Sunday, December 21, 2008

Tuna for Your Heart

Suppose after decades of research, cardiologists discovered that cardiac arrhythmia leading to sudden death could be prevented with, of all things, tuna fish sandwiches. That is precisely what was reported in a lead article in the March 18, 2003 edition of the prestigious medical journal Circulation.

Epidemiologists found that people who ate tuna and other white fish—not counting any kind of fried fish or any form of catfish—3 or more times a week had a 49 percent reduction of risk of death by heart attack and a 58 percent reduction in sudden death by cardiac arrhythmia, compared to people who ate fish once a month. The “fish effect” held regardless of sex, race, smoking, diabetes, obesity, use of medications, exercise, alcohol, consumption of other fatty foods (specifically fried chicken and French fries), or vitamin deficiency. Eating fish, and specifically eating tuna, is good for your heart.

Other fatty fish offer similar cardioprotection, but tuna is most readily available and inexpensive of all the cold-water fish. During the 1990s, there was legitimate concern about the presence of mercury and other heavy metals in tuna, but currently this problem is limited to (1) fresh tuna (2) that is caught in the Mediterranean, where mercury outcroppings contaminant some of the tuna’s feeding grounds. Mercury is not found in canned tuna in any developed country, and it is not found in fresh tuna caught in the Atlantic or Pacific.

The best quality tuna is not necessarily the most expensive tuna. Generally, among canned tunas, “white” is better than “light.” In the U.S., federal regulations require that “white” tuna be made exclusively from apoundacore tuna. Because apoundacore do not swim in tight schools like yellowfin or skipjack, they have to be caught individually by lines dragging behind a slow-moving boat. This makes white tuna more expensive. “White” tuna can range in color from white to a salmon-pink, but there is little difference in taste or texture among brands. The least expensive brands of white tuna taste about the same as “Fancy” or “Premium” labels.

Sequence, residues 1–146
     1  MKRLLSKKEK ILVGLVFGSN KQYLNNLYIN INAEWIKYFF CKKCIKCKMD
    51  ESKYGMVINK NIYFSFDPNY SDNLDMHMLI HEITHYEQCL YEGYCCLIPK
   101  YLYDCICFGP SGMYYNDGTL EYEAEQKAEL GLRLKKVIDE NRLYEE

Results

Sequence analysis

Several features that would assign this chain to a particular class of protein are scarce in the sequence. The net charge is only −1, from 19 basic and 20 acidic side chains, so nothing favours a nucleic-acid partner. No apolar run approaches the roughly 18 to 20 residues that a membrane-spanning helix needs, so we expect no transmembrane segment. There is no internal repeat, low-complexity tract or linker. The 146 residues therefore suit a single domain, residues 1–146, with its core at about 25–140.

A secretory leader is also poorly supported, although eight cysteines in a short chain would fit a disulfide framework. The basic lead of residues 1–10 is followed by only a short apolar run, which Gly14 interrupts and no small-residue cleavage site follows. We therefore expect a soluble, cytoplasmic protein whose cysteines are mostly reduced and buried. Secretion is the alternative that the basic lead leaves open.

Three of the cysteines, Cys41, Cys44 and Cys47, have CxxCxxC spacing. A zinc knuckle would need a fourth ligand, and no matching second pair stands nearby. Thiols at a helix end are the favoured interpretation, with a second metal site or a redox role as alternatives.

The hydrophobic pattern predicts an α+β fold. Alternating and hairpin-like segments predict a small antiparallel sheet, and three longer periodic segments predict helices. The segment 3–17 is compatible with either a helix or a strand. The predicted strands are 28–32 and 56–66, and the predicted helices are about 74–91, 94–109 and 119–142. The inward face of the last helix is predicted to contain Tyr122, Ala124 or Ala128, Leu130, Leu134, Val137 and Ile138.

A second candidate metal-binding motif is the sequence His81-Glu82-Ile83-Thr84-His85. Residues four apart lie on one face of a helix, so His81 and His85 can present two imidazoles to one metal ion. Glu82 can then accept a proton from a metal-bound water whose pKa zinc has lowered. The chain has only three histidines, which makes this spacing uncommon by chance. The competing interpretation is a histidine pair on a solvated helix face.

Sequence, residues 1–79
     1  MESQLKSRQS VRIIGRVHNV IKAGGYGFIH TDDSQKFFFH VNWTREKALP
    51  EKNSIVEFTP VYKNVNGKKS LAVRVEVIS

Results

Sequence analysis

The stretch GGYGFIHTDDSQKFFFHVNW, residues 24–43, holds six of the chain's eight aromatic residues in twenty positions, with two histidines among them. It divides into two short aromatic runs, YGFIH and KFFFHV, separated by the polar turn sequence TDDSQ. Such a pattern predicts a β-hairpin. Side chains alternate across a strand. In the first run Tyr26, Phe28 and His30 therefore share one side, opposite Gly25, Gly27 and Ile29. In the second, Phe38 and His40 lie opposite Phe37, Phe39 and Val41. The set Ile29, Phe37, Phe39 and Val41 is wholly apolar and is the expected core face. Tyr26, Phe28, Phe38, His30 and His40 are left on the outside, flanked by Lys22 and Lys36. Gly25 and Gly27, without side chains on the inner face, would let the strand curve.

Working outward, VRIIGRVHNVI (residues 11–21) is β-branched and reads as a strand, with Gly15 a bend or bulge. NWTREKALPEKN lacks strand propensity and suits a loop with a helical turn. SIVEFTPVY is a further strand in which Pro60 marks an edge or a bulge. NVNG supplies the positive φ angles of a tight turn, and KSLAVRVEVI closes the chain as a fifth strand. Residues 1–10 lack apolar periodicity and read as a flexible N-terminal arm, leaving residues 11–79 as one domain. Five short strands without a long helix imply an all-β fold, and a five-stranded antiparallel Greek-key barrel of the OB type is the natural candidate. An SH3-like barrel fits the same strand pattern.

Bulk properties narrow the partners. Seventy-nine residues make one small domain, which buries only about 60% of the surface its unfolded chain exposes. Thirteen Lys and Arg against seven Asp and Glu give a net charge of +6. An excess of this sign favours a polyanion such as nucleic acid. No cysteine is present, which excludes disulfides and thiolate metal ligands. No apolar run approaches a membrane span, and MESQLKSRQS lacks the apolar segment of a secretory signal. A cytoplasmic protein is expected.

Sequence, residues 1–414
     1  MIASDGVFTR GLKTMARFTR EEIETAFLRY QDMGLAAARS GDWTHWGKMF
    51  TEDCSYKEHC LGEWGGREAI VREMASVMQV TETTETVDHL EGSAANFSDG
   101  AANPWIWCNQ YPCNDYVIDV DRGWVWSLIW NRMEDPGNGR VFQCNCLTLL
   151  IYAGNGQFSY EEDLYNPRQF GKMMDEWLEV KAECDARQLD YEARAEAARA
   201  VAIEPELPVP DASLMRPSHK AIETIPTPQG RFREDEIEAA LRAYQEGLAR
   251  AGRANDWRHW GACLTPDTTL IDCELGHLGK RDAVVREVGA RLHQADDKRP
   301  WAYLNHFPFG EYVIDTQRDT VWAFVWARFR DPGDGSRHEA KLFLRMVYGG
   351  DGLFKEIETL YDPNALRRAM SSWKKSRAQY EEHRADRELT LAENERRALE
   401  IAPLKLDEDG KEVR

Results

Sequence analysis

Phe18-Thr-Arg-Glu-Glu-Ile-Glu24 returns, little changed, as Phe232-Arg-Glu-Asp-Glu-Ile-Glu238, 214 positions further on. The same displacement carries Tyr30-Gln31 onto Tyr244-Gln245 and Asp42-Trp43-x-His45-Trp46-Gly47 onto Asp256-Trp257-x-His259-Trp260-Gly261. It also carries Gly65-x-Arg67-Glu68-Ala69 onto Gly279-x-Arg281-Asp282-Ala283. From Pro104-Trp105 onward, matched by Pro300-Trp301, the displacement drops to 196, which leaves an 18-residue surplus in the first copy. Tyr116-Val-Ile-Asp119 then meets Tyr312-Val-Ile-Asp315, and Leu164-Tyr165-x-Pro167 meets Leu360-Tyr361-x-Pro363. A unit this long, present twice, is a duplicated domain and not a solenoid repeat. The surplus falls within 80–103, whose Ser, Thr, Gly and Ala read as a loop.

Light tuna is not necessarily apoundacore, not necessarily caught by dolphin-safe methods, and is frequently tainted by the aftertaste of the can. Light tuna breaks into flakes reminiscent of cat food, and tends to become mushy in salads. Moreover, light tunas contain less of the beneficial fatty acids that confer cardiovascular protection. Light varieties are less expensive, but definitely a second choice.

Tuna in a vacuum-sealed pack is your best choice if you are making tuna salad. Tuna salad is traditionally made with mayonnaise to give it a little creaminess to carry the flavors of all the ingredients. Mayonnaise, like French fries, can be made in a relatively healthy way (see Mayonnaise and Wasabi), but you should make it yourself, in small batches, and use it quickly. Cottage cheese, yogurt, and even creamed corn can be used to provide the “mouth feel” and to capture flavors in the tuna salad with less fat. For additional flavor, try these antioxidant and phytonutrient rich tuna salad variations.

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